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Sessions House

Before The Great Fire of Northampton in 1675 the Quarter Sessions were held in the Castle and as this became more ruinous, in any convenient inn that had a large enough room, or at the Market Cross. There were plans to use some of the castle stone to build a new court and Judges' Lodgings on that site but then the Fire intervened.

The sessions House was the first public building to be completed after the Great Fire. Some of the limestone frontage is pink; this is caused by heat, evidently re-used stone that had been burnt during the Fire.

Present Town Hall

The present Northampton Guildhall was built in three phases, the first designed by E.W.Godwin and opened in 1864. The second part by Matthew Holding and A.W. Jeffery and opened in 1892 - we will be seeing more of Holding's work later. The final part was opened by the Queen in 1992, designed by Stimpson Walton Bond.

We know of at least three town halls in Northampton's past. The oldest stood on the Mayorhold at the end of Scarletwell Street. The second, about which we know more, was at the corner of Wood Hill and Abington Street. This one was built about 1300 and it survived the Great Fire in 1675 only to be demolished in 1864. The oak panelling from the council chamber and an Elizabethan refectory table are now in Abington Park Museum.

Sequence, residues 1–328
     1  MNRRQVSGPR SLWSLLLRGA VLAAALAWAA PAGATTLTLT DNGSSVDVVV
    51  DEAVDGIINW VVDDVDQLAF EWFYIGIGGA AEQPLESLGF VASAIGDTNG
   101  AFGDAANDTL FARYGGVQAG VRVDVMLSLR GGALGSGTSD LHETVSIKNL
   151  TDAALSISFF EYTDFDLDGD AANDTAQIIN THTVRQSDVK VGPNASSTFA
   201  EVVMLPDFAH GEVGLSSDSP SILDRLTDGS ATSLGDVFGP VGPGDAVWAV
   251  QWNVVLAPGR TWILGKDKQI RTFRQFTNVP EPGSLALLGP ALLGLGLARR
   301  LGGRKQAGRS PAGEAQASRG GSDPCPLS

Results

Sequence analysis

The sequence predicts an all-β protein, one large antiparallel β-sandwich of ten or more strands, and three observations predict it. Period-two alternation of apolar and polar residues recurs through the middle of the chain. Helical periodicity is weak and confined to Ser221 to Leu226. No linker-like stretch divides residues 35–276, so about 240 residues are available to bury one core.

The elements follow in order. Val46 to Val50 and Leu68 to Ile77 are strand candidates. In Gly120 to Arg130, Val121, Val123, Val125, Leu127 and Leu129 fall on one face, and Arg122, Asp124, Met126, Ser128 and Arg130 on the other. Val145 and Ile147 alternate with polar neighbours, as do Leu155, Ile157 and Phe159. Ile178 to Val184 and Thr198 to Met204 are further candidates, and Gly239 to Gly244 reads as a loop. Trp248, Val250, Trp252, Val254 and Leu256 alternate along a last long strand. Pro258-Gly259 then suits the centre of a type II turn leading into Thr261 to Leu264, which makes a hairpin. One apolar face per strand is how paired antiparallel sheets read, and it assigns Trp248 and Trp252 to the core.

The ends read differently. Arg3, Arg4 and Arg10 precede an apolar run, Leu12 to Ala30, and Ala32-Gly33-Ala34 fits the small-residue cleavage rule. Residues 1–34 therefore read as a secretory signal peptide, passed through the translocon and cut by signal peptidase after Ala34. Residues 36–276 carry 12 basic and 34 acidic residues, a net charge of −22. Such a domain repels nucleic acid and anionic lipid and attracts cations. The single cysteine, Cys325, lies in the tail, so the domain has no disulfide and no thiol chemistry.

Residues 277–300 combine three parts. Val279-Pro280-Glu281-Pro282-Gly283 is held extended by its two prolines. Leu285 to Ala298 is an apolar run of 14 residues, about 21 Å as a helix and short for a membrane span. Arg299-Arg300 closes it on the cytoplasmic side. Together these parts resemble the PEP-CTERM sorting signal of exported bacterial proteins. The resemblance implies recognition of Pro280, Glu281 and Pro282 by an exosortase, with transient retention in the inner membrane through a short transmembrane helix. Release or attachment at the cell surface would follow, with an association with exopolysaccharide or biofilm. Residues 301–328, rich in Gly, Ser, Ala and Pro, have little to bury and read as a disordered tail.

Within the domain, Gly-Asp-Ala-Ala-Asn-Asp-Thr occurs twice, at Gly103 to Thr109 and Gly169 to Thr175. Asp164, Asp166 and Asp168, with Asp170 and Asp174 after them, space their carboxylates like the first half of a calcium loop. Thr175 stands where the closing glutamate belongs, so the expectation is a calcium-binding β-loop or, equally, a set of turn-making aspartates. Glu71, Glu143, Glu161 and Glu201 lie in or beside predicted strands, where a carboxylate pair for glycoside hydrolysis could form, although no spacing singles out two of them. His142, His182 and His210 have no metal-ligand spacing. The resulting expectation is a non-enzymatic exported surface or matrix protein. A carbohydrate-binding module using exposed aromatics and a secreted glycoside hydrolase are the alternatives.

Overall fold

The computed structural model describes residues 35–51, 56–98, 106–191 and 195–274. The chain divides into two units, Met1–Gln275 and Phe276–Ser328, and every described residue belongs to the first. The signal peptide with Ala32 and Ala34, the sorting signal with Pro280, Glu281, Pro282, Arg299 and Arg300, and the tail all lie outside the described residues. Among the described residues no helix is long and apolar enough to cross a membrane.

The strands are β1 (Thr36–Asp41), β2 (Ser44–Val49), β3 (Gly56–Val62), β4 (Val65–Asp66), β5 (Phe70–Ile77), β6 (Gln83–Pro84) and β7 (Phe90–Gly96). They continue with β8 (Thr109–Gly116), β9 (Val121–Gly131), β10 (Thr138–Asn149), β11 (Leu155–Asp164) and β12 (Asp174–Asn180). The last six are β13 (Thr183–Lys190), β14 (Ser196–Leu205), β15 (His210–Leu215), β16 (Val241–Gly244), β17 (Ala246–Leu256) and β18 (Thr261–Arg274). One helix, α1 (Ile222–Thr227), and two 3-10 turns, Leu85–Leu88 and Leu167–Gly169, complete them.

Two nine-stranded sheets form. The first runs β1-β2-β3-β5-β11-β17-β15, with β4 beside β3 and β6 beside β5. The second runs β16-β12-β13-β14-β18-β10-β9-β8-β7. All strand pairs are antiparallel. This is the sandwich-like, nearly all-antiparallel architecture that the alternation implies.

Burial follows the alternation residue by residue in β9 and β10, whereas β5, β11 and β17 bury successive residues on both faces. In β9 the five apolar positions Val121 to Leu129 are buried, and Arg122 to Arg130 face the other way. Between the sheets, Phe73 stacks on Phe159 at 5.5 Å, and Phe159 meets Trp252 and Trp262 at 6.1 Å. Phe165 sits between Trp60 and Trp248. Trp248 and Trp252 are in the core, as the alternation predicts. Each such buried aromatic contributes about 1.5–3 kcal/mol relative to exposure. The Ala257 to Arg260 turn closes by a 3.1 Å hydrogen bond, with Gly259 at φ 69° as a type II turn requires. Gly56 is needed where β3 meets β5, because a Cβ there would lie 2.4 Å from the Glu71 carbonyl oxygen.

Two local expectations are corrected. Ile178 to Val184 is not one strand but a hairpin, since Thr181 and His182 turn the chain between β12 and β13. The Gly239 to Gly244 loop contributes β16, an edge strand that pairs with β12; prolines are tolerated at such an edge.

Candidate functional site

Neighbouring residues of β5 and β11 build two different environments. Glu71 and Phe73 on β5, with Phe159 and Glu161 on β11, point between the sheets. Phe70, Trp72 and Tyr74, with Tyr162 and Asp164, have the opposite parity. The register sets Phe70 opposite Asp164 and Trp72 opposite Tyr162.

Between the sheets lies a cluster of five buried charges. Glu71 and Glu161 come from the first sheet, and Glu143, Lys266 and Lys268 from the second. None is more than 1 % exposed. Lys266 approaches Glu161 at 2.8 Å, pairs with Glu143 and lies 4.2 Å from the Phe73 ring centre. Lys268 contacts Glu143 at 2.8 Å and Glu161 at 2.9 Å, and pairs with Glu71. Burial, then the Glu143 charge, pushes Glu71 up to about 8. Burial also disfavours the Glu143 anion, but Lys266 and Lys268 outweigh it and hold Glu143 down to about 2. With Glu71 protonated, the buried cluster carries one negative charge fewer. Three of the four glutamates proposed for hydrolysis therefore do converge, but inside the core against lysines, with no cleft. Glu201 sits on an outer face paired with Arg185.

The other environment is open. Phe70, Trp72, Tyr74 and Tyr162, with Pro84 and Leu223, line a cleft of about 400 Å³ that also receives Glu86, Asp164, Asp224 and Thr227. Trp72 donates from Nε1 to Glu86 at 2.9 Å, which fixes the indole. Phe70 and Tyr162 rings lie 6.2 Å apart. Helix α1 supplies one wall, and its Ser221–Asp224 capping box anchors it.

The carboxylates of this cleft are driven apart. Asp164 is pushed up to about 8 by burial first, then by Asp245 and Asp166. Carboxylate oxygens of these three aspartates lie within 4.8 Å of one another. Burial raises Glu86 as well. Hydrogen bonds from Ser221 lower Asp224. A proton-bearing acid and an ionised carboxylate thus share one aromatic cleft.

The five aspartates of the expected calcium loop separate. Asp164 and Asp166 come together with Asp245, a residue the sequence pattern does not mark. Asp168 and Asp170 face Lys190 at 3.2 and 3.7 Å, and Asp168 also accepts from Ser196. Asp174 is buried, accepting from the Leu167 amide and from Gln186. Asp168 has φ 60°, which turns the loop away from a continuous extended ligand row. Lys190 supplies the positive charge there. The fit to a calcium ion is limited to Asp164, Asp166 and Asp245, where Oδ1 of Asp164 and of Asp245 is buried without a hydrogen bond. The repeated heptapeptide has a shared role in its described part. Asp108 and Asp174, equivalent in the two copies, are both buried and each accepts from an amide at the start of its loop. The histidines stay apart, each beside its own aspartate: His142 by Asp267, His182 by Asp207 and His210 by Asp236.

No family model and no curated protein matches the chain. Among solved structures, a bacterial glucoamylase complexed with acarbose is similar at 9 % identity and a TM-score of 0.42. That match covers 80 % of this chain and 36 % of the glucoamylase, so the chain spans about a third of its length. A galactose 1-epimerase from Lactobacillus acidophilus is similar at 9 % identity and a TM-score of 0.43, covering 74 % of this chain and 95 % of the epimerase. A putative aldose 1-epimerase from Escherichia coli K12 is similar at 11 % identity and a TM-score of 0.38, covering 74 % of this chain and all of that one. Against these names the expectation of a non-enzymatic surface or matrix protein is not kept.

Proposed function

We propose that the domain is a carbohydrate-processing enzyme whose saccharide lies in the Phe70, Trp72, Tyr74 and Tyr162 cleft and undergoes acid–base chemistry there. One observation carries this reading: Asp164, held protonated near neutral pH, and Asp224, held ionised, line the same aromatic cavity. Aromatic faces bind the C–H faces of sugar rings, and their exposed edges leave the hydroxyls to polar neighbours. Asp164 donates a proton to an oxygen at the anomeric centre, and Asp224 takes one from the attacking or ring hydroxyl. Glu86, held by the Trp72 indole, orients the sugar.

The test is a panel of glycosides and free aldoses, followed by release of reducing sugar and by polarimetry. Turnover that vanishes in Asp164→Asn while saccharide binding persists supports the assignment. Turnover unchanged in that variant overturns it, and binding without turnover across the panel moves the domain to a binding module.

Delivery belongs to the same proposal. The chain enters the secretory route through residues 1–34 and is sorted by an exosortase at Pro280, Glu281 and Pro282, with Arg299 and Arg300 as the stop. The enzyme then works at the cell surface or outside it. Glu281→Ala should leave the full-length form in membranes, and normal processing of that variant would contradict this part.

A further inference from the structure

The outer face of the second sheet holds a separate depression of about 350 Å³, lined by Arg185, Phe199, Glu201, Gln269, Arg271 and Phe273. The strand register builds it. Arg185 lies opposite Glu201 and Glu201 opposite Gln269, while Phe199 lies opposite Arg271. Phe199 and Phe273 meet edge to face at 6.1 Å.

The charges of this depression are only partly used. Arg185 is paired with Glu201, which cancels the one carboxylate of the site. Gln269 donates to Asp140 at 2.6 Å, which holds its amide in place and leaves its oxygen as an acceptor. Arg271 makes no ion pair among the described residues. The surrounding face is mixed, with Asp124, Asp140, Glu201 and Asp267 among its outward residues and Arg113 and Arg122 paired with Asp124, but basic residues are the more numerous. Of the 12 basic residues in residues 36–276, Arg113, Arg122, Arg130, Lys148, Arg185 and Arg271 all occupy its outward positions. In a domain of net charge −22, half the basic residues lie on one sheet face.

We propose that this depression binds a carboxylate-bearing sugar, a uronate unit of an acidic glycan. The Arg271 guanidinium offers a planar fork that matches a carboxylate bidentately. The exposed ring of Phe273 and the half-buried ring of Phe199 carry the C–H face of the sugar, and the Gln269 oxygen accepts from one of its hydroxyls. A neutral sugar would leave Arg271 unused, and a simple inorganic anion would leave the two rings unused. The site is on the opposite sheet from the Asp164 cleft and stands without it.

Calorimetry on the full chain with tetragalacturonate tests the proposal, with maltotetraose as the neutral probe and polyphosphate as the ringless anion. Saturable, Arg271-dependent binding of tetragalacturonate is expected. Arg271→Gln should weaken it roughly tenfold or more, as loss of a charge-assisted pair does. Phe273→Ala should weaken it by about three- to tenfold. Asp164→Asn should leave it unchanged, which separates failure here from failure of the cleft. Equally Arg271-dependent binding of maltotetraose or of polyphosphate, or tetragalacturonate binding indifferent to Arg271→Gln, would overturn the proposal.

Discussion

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Stage 2: Derngate to Abington Park
Royal Theatre & Opera House

The only theatre with the word Royal at the beginning of its name; it seems that the stonemasons erected the stones with the words the wrong way round and permission was sought and gained from Queen Victoria to keep the title. The Royal Theatre opened in 1884 with a production of Twelfth Night. Restored after a fire in 1887.

Central Museum and Art Gallery

Best collection of shoes in the world, exhibition of the Town's history and a stone fragment of a medieval Jewish memorial unique to Britain.

Northamptonshire has a very long connection with the production of leather and leathergoods. This was due not only to our proximity to water and a plentiful supply of oak bark (both required for tanning in the early days), but also the county's central location.

You can read more about this key aspect of Northamptonshire's past at Northamptonshire Leather.

Swan Hotel

The Records of the Borough of Northampton 1898 lists this establishment as one of the 16th or 17th century inns. It changed its name in the 1970's to the Mailcoach as a result of a competition, the new name alluding to the Postal Sorting Office that was opposite at the time.

In those days the bar would fill up with uniforms, Postmen and Bus Drivers from the United Counties Bus Station just down the road. The lounge, by contrast, would fill in the evenings with theatre goers from the Theatre just around the corner. Errol Flynn stayed here in the past when he was a member of Northampton Repertory Players in the early 1930s.

This picture of the Swan and many other old pubs in and around Northampton can be seen on the Phipps-NBC web site.

Swineswell Street [Watergate]